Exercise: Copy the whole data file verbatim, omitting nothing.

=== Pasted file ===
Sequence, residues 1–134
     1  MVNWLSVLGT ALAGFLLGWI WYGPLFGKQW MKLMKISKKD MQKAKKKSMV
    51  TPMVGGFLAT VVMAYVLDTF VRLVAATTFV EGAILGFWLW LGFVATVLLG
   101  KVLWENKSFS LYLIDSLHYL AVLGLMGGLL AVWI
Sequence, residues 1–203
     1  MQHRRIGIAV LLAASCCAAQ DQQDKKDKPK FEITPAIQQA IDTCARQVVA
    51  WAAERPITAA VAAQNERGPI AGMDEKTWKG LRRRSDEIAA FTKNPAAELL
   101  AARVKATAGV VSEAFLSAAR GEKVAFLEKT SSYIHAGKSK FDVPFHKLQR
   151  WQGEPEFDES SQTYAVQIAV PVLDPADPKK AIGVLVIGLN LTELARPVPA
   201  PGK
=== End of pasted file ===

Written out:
Sequence, residues 1–134
     1  MVNWLSVLGT ALAGFLLGWI WYGPLFGKQW MKLMKISKKD MQKAKKKSMV
    51  TPMVGGFLAT VVMAYVLDTF VRLVAATTFV EGAILGFWLW LGFVATVLLG
   101  KVLWENKSFS LYLIDSLHYL AVLGLMGGLL AVWI
Sequence, residues 1–203
     1  MQHRRIGIAV LLAASCCAAQ DQQDKKDKPK FEITPAIQQA IDTCARQVVA
    51  WAAERPITAA VAAQNERGPI AGMDEKTWKG LRRRSDEIAA FTKNPAAELL
   101  AARVKATAGV VSEAFLSAAR GEKVAFLEKT SSYIHAGKSK FDVPFHKLQR
   151  WQGEPEFDES SQTYAVQIAV PVLDPADPKK AIGVLVIGLN LTELARPVPA
   201  PGK